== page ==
Essentially, they would not be counted if the only drugs found in the body were legal ones.
There are differences in the way drug deaths are categorised between Scotland and the rest of the UK. In Scotland, drug related deaths are usually registered more quickly, as the rest of the UK usually requires a coroner to certify the death after an inquest. In practice, this means that Scotland’s statistics are likely to be slightly more up-to-date.
There are a small number of deaths which would be recorded by Scottish statistics but not in the rest of the UK, because of the way data is collected. For example, a person might intentionally overdose on a legal substance, but also have illegal drugs in their system. This would be counted in Scotland and not in England.
However this accounts for a small number of deaths each year (three on average), so would not greatly affect any comparison between the rest of the UK and Scotland.
According to the 2019 report: “The Scottish rate could well be at least three times that of the UK as a whole even if there were no methodological differences.”
A special court has been set up in Scotland to deal with drugs offences.
The image also states that “people who have died due to a heart attack or car crash are included if they had any type of drug in their system, even if the drug did not contribute to their death”.
This is not accurate. Car crashes are explicitly excluded from the definition of drug-related deaths, and heart attacks are included only if the underlying cause was listed as drug intoxication.
Other deaths which are specifically excluded from the statistics include deaths from AIDS where the risk factor was believed to be the sharing of needles, deaths from drowning, falls, and other accidents under the influence of drugs, deaths due to assault by a person who under influence of drugs, or as a result of involvement in drug-related crime.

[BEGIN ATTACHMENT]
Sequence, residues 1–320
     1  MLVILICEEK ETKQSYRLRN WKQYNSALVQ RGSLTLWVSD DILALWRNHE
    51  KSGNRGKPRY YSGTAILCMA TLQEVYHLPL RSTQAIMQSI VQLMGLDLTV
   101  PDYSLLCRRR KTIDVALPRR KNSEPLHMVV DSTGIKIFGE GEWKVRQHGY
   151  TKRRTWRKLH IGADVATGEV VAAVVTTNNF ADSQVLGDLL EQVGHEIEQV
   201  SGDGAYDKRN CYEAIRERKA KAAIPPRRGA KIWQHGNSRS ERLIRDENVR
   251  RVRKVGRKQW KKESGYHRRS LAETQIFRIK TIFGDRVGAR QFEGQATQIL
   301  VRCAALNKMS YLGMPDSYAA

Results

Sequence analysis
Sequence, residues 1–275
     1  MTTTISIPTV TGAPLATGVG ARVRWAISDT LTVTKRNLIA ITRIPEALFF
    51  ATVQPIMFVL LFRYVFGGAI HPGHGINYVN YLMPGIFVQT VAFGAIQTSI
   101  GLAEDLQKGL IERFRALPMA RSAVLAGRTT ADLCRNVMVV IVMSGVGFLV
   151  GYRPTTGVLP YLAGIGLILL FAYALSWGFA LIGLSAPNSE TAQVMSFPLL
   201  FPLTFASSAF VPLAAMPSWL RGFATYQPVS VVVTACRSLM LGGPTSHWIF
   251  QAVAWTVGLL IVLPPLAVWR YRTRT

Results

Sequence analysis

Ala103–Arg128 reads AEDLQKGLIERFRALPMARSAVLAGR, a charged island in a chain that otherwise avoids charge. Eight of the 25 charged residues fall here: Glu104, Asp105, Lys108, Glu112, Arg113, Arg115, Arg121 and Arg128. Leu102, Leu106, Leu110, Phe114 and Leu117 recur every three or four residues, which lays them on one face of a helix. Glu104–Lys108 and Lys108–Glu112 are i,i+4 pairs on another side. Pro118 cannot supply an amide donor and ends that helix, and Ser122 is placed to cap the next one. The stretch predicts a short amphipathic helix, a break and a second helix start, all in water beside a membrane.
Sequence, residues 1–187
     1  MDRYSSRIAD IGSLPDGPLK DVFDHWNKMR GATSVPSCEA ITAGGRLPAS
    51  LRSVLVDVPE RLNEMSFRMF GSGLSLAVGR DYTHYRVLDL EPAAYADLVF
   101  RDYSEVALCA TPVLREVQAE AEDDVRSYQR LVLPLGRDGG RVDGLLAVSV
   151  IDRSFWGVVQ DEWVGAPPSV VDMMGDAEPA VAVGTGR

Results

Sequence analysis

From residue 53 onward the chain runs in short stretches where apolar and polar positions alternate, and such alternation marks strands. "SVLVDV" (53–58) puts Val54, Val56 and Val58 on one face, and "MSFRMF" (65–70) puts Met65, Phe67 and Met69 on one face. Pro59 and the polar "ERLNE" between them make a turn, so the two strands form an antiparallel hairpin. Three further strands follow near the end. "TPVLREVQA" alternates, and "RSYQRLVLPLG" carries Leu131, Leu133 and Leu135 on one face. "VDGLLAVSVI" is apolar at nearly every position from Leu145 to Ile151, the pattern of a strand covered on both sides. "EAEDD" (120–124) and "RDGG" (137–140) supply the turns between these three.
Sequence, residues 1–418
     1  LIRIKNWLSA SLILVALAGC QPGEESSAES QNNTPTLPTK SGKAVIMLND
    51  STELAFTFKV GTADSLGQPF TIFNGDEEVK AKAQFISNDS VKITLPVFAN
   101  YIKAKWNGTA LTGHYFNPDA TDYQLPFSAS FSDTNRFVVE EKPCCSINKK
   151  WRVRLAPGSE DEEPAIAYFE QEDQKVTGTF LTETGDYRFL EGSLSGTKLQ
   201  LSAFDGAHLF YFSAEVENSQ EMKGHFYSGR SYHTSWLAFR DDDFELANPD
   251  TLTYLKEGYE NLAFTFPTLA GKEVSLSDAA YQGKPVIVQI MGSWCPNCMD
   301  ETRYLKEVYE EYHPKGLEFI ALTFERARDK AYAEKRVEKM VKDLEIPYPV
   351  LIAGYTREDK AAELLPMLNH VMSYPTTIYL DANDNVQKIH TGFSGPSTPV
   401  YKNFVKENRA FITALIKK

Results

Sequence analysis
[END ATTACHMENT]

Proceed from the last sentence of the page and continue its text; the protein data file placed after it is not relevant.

NRS has confirmed to Ferret Fact Service that they did not change their definitions before the 2018 statistics were released, and that any changes to methodology would be noted in the report.
While Scotland’s data is more complete and specific than that of the UK as a whole, it is not correct to say they are “incomparable”. Scottish statistics show clearly that Scotland’s rate of drug deaths per million people is significantly higher than the UK’s, and NRS confirmed that the small differences in methodology are not enough to affect the number of deaths caused by drugs by a significant amount.
Ferret Fact Service verdict: False
The viral claim which has resurfaced in 2020 – that Scotland’s drug-related death statistics are not comparable to the UK or Europe – is incorrect. While there are some differences between the way Scotland, the UK and European countries record such deaths, this does not have a significant impact on the respective rates of drug-related deaths. The official report states that Scotland’s rate is likely higher than most, if not all countries in Europe.